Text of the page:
On the nature of daylight

The light was on when I woke up at 7 and I turned it off to enjoy the darkness before going outside and see the start of the day. When I got up half an hour later it was still dark and when I walked through the house I heard the rain outside. It hadn’t rained like that in maybe more than a month. Not a good day to walk to the sea. I stepped outside on the balcony instead and watched the neon lights of the 24 hour corner shop changing colour every ten seconds or so. Its noisy display of light is the opposite of the Turrell installation that is on my regular route, a dark corridor bathing in a deep shade of blue with a red circle resembling the sun and golden light surrounding the closed entrance. The beach would be empty today and the sun would be invisible.
The street lights flickered, a police car drove by, the flowers of the Cosmos moved gently in the wind. From the far end of the still silent street an enormous vehicle drove up and halted in front of the red traffic light. A  yellow truck on big wheels with an extendable metal construction on a heavy platform. I read the letters printed across the metal arm. “El Rayo Amarillo”, the Yellow Ray, entering the city in the last minutes of dawn, the yellow ray still in folded state.

What to do if I wasn’t going on a walk? I decided to start the day by watching Mary Oliver again, reading “Wild Geese”. I am not as huge a fan as many people are, but I do admire her and when I read about her death last Wednesday I remembered the poem and listening to her inbetween studying for my Spanish exam I realised what I knew already, how the soft animal had missed the early sunrise walks because the obedient human being had walked to school every morning to learn new grammar rules. The same distance but in a different direction. The same intention: to embrace something new. But to be at the edge of the day in a state of wonder is better for the soul than to be on the edge of B1 level wondering whether the form for to be (for which there are two words in Spanish) in “to be dead” should be the one for a temporary or a permanent state.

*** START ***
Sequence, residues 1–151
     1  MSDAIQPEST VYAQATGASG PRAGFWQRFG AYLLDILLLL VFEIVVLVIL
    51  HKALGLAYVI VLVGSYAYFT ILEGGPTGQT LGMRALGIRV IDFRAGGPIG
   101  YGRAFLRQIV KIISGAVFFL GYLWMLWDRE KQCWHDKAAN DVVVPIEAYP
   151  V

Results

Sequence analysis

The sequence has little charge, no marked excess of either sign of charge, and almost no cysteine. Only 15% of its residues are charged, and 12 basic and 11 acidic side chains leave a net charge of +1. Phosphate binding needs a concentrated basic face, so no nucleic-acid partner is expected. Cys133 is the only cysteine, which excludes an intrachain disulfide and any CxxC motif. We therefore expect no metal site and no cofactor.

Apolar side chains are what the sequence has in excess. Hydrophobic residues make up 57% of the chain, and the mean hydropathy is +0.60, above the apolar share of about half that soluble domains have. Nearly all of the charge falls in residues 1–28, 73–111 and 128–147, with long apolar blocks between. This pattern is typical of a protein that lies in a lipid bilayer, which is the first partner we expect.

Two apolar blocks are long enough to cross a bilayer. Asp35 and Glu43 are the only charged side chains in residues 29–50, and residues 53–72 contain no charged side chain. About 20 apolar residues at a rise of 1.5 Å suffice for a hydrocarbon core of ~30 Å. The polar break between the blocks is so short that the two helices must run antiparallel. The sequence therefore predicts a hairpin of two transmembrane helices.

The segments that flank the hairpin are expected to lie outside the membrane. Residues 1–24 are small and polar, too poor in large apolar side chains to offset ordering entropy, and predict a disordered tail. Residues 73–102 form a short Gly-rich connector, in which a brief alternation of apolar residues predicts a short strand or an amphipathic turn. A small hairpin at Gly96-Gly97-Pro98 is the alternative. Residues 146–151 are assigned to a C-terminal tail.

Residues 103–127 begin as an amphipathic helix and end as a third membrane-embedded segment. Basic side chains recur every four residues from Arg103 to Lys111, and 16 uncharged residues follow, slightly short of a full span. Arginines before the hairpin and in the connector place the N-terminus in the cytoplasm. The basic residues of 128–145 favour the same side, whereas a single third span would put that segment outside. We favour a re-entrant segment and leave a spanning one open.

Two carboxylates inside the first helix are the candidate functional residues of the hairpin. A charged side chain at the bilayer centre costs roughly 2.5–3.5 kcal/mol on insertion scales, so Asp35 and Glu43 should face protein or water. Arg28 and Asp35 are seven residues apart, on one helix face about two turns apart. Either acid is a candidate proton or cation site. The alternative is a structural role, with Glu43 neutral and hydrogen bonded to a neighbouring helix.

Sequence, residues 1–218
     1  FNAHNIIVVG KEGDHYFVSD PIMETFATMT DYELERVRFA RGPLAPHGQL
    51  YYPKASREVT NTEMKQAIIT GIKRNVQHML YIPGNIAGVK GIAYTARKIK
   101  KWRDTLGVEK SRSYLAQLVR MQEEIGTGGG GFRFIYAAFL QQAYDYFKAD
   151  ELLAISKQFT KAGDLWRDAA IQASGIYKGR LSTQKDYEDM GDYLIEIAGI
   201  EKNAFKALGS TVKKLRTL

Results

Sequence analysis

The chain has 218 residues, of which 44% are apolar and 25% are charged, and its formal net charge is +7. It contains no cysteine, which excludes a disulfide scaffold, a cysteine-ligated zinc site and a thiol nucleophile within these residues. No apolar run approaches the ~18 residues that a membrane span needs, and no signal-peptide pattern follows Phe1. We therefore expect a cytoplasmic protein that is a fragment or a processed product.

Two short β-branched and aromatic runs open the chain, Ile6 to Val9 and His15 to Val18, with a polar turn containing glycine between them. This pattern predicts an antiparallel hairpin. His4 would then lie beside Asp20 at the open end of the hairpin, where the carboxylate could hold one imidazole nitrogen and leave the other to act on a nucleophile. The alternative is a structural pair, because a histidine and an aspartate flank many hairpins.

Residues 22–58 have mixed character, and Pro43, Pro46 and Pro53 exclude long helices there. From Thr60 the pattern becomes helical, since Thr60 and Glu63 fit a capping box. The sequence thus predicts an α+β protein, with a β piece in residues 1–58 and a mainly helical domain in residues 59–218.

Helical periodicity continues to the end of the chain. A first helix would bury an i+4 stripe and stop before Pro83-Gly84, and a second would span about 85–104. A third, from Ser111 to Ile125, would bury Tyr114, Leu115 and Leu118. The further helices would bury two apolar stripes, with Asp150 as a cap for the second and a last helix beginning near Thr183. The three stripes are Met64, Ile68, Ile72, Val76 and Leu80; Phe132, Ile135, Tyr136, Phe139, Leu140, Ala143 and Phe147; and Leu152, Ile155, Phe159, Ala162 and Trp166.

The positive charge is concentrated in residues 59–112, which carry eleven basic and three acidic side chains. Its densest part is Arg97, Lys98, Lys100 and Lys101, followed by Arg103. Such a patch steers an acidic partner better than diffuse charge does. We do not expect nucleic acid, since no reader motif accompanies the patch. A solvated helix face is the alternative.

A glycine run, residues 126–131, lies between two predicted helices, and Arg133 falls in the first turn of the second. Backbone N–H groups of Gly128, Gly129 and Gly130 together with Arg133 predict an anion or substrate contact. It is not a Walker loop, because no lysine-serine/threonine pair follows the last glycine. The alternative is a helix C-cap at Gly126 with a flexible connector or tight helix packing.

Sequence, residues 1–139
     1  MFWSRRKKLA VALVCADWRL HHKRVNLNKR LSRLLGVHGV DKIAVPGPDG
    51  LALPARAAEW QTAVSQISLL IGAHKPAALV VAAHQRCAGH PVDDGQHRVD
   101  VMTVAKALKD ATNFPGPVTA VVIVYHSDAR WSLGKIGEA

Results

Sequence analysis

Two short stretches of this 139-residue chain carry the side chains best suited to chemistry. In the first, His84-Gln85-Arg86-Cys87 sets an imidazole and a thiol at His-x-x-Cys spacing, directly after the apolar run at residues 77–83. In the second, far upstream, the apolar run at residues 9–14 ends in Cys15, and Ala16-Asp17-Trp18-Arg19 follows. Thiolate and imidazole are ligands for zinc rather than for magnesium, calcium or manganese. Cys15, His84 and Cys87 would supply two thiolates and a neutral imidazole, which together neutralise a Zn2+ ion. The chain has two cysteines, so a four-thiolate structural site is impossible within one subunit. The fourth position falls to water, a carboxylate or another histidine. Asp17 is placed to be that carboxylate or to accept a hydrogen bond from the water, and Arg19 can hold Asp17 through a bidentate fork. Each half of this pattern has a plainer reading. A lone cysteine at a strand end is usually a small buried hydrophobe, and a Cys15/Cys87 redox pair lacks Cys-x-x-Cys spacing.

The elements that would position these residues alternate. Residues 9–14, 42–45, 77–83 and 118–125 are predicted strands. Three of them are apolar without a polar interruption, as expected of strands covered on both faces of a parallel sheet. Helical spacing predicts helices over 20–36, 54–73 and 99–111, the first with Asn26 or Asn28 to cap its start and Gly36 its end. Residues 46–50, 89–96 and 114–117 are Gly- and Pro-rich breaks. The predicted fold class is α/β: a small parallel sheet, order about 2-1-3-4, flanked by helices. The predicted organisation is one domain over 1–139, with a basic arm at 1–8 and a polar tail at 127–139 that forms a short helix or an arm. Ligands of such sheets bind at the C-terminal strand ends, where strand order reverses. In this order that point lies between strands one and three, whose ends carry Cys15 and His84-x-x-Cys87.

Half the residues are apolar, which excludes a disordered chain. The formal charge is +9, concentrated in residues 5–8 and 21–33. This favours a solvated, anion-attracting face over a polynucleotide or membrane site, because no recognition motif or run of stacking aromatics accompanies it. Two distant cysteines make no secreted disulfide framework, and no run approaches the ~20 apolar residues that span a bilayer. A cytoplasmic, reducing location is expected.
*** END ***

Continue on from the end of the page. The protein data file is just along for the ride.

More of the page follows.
Speaking is the hardest part. For me. Not for most people. That is why most people tell me I should  speak more. And that is why I sometimes wonder if I am trying hard enough. If I care enough.

What is the best way to get somewhere? Is there only one way to show that you care? How do you learn? What is the role time plays in all of this? Are detours distractions from reaching a goal or do they help to understand what it really is you want so when you reach your goal you are not lost, you know where you are, where you need to be?